California voters must decide if legalizing marijuana for recreational use is also the right thing to do.
You’d think that everyone who uses or supplies medical marijuana would say it is — and rally behind Proposition 19. Not so fast.
For some people, marijuana is recreation; for others, it’s medication. For Dragonfly De La Luz, it’s a profession.
"I’m a writer. I travel around the world. I find the best ganja. I smoke it, and I write about it for pot magazines," she explained while signing up potential marijuana patients at HempCon in Los Angeles.
HempCon — the traveling pot circus of smokers, growers and inventors — is an important business appointment for Dragonfly. And at HempCon last month in L.A., the business at hand was Prop 19. Dragonfly De La Luz says it would mean disaster for medicinal marijuana.
"We all like the idea of marijuana being legal for everyone. However, Prop 19 does not achieve this. Prop 19 actually creates more prohibitions than it eliminates. And specifically, it creates prohibitions against us medical marijuana patients," said De La Luz.
The prohibitions limit how much cannabis a patient can grow. There’s no limit now, but Prop 19 says it all must fit in a 5-foot by 5-foot space. By her calculation, that’s three to six plants.
"Many patients can’t even smoke marijuana because of respiratory issues, etc," she explained. "Using the leaves and the plant matter, they make oils, butters, creams, stuff like that. That requires a lot of plant material, way more than three to six plants."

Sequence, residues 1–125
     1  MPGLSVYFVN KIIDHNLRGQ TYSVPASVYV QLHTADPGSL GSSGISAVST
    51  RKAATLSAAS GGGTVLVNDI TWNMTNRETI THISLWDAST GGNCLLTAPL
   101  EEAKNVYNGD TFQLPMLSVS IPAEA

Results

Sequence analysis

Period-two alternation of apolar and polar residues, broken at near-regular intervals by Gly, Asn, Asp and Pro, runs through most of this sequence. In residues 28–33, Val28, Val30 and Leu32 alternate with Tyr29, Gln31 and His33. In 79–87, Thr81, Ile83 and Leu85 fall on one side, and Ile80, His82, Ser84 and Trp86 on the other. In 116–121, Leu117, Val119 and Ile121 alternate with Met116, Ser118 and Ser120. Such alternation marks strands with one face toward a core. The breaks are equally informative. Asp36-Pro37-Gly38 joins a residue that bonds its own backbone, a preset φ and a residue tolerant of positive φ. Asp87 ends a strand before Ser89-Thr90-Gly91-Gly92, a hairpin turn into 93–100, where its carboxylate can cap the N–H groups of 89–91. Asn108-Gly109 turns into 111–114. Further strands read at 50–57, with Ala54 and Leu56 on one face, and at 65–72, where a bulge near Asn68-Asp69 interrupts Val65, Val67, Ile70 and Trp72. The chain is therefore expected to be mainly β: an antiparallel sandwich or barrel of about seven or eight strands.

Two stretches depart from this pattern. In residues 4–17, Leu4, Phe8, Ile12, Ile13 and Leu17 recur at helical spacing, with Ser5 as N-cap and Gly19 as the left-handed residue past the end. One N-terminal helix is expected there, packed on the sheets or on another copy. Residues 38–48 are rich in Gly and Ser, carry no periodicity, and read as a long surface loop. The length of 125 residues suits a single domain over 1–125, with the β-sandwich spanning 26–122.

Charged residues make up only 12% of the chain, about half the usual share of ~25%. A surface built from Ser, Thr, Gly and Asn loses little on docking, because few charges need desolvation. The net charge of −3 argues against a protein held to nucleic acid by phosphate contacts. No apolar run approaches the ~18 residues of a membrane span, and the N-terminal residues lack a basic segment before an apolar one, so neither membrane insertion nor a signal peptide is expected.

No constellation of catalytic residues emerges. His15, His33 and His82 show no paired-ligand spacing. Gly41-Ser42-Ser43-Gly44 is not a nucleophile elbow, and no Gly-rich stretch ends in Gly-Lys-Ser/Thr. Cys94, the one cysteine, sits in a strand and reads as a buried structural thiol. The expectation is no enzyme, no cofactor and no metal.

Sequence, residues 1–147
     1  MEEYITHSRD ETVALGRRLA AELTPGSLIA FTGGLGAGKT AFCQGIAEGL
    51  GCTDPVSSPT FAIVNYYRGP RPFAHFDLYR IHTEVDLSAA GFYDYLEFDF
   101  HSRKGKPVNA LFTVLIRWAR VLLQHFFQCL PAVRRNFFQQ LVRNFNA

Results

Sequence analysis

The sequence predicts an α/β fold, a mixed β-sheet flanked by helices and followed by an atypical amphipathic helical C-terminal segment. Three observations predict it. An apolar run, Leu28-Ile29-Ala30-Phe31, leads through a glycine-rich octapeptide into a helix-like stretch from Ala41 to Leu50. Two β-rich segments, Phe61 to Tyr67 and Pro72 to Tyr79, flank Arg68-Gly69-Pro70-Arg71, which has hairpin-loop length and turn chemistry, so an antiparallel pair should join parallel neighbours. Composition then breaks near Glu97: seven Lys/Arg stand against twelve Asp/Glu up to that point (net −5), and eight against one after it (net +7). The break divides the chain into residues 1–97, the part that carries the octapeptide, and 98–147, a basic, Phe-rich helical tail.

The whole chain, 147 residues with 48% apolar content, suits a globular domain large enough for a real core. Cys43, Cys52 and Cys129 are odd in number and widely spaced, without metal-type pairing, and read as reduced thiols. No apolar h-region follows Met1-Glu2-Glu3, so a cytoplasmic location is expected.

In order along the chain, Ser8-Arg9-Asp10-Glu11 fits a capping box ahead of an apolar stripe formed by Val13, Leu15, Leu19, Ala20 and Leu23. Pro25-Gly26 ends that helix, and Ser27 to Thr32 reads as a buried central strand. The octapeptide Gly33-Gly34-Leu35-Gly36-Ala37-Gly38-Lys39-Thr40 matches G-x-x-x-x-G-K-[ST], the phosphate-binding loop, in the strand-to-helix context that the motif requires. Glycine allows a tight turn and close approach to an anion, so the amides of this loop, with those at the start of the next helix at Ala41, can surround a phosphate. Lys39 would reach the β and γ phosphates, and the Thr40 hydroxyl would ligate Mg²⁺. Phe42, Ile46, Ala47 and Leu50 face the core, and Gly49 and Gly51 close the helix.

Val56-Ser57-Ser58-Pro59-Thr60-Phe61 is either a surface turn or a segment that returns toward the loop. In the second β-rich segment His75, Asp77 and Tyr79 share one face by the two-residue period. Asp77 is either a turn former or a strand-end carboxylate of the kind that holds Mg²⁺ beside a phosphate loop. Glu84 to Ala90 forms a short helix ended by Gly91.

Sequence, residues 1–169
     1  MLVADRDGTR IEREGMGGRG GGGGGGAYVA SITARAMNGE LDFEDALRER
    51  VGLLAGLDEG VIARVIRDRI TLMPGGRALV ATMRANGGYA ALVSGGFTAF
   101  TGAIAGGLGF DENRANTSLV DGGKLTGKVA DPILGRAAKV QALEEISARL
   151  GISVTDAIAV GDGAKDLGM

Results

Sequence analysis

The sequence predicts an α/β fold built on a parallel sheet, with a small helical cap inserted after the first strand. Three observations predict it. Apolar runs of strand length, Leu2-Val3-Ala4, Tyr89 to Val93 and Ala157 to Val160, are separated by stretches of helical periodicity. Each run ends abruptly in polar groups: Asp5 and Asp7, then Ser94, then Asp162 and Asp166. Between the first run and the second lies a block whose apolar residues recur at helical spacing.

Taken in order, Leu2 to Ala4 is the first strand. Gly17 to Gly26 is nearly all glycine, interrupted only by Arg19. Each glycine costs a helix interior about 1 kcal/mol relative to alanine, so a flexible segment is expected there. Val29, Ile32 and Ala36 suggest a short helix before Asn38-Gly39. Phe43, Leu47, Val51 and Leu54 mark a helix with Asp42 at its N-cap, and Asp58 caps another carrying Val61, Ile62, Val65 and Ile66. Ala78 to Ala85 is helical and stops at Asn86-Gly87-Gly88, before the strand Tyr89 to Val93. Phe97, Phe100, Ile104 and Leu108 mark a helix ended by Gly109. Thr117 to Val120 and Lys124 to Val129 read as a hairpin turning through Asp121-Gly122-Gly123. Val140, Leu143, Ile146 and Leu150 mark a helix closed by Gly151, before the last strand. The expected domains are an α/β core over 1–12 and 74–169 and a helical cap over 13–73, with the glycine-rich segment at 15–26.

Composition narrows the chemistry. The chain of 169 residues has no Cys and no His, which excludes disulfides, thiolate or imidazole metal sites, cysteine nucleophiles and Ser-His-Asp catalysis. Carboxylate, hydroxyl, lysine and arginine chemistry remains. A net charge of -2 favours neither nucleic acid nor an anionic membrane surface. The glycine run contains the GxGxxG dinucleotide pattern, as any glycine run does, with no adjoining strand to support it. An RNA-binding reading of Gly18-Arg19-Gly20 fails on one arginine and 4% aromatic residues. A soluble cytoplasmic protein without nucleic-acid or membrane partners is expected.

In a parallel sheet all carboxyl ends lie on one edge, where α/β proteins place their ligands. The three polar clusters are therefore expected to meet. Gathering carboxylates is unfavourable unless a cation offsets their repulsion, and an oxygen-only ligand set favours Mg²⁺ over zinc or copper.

Here’s where things get tricky. The marijuana crowd is not as uniformly pro-Prop 19 as you might think. Many who use or supply medical marijuana are convinced it opens the door to taxes and restrictions that will uproot their movement. But James Anthony — a medical cannabis attorney and Prop 19 supporter — says it won’t happen.
"It’s not clear that any of what we have built in the medical cannabis movement is explicitly permitted under the existing laws — and yet we have built it. And we will do the same under Prop 19."
"This movement will continue moving forward step by step by step until we reach the ultimate goal which is federal recognition," says Anthony, a former community prosecutor in the City of Oakland.
But Amir Daliri of the new California Cannabis Association has a different take.
"We feel that the passage of Prop 19 will set the medical cannabis industry back 15 years," Daliri says
Daliri owns the Cascade Wellness Center in Chico. He says if a city wants to ban dispensaries like his, Prop 19 will let it.
"Now who suffers from that? That’s the patients," he says. "Let’s say 90 percent of the cities in the state say, ‘Hey! We don’t want it! We want to ban it!’ you now have to travel to Oakland, or San Jose, or San Francisco to get your medicine."
The hint is that Prop 19 author Richard Lee wrote the measure to benefit his famously successful Oaksterdam medical pot center in Oakland. Give local government the power to ban dispensaries or tax personal cultivation — and you guarantee a steady stream of customers at Oaksterdam.
James Anthony — the medical cannabis attorney and Prop 19 backer — says the measure does give local government taxing authority. But he says, "no rational local government would ever attempt to tax individual cultivation of cannabis for either personal adult use or medical use. Commercial distribution, yes. They will tax that. But they are no more likely to tax cannabis grown by individuals, than they are to tax tomatoes grown by individuals. It’s simply a non-starter."
The Sacramento suburb of Rancho Cordova has already started down that road. It has a measure that calls for a $600-per-square-foot tax on indoor marijuana grows. So growing in that 5-foot by 5-foot space would cost $15,000 a year.
That measure, by the way, is on the same ballot as Prop 19.